It’s good to be back for a second post. I have enjoyed reading all your comments on my first post about MS in South America (In case you missed it!). A lot has happened since then. This training programme has pushed me out of my comfort zone and has triggered my interest in and passion for addressing health inequalities. As always, the proof of the pudding is in the eating! Here is my new post on Social Capital.
THE UNEXPLORED ROLE OF SOCIAL CAPITAL IN MS
While previous studies have shown mixed results, emerging evidence suggests that there is an association between higher income inequality and worse health outcomes. Despite global progress in reducing poverty, inequality continues to persist and large disparities remain in health outcomes. Accordingly, researchers have become increasingly interested in exploring the effects of the socio-economic environment on individual and public health. Although the impact of social conditions on health equity is well documented, there is no consensus as to the relative importance of each factor. Many determinants are involved and, among them, social capital has emerged as one of the most interesting old ideas being revisited from a new perspective.
The social capital concept emerged in sociology early in the past century. Social capital refers to the resources derived from the cooperation between individuals and groups. It has been hypothesized to partially explain how social conditions influence health and mortality. More recently, the concept of social capital has become the subject of intense discussion, as it may represent a pathway by which public health interventions lead to health improvement. The exact nature and magnitude of these effects remain controversial as there is no standardized method to measure social capital. However, there are several tools that attempt to address its multidimensional nature.
Many types of social capital are theoretically possible, but an important distinction that should be made is between its cognitive and structural components. The structural dimension is derived from the “visible” forms of social capital and consists of networks, relationships, associations, institutions and organizations that link individuals and communities. On the other hand, the cognitive component refers to the quality of those social structures in terms of peoples’ perceptions of trust, sharing and reciprocity. The different dimensions of social capital are not necessarily mutually exclusive; they are all immersed within a multi-level analytical framework. As many social aspects are encompassed under the same concept, oversimplification and overstandardization are both equally dangerous for social capital research.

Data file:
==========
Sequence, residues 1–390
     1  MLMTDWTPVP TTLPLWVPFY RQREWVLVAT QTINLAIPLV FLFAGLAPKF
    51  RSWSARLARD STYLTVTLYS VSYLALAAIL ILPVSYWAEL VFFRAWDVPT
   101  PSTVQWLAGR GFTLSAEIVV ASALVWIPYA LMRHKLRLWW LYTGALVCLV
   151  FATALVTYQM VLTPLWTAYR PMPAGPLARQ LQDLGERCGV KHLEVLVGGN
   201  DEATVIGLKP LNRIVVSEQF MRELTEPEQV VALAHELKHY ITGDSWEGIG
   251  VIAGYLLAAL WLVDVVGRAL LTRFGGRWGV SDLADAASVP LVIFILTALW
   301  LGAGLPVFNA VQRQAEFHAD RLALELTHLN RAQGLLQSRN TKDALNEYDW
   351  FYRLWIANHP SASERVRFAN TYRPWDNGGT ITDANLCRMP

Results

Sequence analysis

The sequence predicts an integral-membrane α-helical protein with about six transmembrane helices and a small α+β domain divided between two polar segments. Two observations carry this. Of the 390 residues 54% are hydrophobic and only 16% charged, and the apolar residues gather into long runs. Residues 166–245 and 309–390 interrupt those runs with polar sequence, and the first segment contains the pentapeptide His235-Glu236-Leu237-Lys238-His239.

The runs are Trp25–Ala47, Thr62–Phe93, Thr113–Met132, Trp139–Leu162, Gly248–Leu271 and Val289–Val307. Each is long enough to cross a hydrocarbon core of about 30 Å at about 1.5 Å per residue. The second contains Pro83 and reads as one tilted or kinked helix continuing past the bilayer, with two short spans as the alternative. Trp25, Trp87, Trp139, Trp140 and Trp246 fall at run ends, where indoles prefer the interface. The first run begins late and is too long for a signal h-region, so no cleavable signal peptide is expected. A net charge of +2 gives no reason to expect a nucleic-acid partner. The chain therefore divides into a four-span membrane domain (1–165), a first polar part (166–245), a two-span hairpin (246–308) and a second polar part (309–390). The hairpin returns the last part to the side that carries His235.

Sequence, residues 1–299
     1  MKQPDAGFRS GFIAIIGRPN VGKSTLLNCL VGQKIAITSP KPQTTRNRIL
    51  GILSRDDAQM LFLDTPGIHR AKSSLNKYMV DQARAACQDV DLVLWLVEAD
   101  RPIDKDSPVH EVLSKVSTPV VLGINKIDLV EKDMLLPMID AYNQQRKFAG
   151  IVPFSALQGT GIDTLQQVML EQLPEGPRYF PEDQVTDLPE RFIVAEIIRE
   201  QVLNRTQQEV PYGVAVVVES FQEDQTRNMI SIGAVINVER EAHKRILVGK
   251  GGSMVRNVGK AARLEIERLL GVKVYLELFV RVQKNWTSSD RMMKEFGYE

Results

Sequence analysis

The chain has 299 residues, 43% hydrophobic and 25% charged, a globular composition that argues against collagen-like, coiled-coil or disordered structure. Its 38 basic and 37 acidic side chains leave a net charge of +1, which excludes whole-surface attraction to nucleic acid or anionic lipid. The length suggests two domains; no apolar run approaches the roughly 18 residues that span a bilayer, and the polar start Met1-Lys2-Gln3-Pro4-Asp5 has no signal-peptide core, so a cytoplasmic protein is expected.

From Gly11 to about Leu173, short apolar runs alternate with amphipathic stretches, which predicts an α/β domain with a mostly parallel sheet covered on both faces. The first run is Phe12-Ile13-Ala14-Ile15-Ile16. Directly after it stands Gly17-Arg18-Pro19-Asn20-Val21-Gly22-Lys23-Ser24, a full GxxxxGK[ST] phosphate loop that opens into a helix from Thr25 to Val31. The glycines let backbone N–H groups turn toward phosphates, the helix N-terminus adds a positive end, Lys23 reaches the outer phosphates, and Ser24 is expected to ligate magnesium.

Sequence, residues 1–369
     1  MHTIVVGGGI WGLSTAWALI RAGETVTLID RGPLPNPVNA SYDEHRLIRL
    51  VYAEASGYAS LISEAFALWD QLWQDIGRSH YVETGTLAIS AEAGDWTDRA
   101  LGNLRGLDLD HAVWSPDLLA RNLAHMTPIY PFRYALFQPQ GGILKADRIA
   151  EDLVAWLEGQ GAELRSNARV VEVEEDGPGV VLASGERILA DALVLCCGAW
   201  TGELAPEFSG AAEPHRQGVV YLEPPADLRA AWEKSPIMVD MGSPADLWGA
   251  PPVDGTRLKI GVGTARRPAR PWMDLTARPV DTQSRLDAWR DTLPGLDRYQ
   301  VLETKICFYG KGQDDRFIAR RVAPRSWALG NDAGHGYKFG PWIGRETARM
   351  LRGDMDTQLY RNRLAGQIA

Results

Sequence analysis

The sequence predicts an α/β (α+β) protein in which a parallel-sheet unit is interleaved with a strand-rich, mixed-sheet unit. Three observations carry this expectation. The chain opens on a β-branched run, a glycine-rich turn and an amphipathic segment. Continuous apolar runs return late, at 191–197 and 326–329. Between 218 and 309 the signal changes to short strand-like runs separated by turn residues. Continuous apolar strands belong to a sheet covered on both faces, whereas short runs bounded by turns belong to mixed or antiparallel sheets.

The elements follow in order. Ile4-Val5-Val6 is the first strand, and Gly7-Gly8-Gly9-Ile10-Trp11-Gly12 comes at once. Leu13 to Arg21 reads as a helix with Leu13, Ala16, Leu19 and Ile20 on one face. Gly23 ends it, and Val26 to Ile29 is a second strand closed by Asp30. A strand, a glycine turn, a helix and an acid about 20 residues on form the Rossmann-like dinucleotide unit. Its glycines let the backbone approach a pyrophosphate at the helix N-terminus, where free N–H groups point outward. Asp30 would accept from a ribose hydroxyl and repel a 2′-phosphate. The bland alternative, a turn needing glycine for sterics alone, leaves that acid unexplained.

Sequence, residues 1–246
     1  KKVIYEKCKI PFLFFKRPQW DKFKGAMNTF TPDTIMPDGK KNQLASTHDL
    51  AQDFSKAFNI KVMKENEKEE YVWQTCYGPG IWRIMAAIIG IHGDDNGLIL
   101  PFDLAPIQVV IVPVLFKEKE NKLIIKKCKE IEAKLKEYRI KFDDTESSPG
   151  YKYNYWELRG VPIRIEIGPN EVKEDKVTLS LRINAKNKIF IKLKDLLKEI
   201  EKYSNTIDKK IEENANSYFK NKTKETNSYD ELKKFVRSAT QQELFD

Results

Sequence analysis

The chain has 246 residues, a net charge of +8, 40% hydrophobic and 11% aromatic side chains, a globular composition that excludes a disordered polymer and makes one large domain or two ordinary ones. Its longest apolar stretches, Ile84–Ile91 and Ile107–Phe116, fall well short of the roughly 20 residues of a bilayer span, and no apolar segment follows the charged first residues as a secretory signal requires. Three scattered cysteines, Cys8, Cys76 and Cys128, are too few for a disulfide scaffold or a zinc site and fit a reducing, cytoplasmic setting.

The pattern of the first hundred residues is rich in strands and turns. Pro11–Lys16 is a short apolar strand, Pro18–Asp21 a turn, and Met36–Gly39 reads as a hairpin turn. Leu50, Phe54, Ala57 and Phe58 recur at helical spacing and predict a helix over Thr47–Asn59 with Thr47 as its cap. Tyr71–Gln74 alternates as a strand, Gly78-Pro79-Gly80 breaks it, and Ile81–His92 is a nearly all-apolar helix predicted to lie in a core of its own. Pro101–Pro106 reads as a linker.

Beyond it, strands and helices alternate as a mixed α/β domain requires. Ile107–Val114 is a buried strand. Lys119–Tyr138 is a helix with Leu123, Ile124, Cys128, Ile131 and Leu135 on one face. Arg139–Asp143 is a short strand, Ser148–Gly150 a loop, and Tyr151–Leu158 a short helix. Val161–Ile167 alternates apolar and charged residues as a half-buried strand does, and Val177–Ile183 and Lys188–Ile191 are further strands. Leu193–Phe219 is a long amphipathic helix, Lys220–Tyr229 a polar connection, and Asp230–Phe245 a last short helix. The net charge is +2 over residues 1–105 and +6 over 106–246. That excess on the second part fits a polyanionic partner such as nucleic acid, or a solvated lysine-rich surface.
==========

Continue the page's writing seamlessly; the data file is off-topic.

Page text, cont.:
Neurological disorders represent a large burden on worldwide health. Patients with neurological conditions are embedded in social networks that may affect their outcomes. This effect has been postulated to modify the risk of dementia and the long-term prognosis in patients with stroke. Regardless of the growing recognition of the role of social capital in chronic diseases, not enough attention has been paid to its potential impact on other disabling neurological conditions such as MS.
A few researchers have explored the relationship between social support and quality of life in patients with MS. However, and to the best of our knowledge, only one study has specifically focused on social capital. The results of this study showed that in patients with MS, quality of life and social capital are somehow related. This study only evaluated one potential target. Many questions remain to be explored in our understanding of how social capital may lead to either positive or negative consequences for patients with MS.
Addressing health inequality matters! Addressing social capital matters too!!
This paper is for those who want to read further, and perhaps more deeply, about this fascinating area: https://goo.gl/GwVajR
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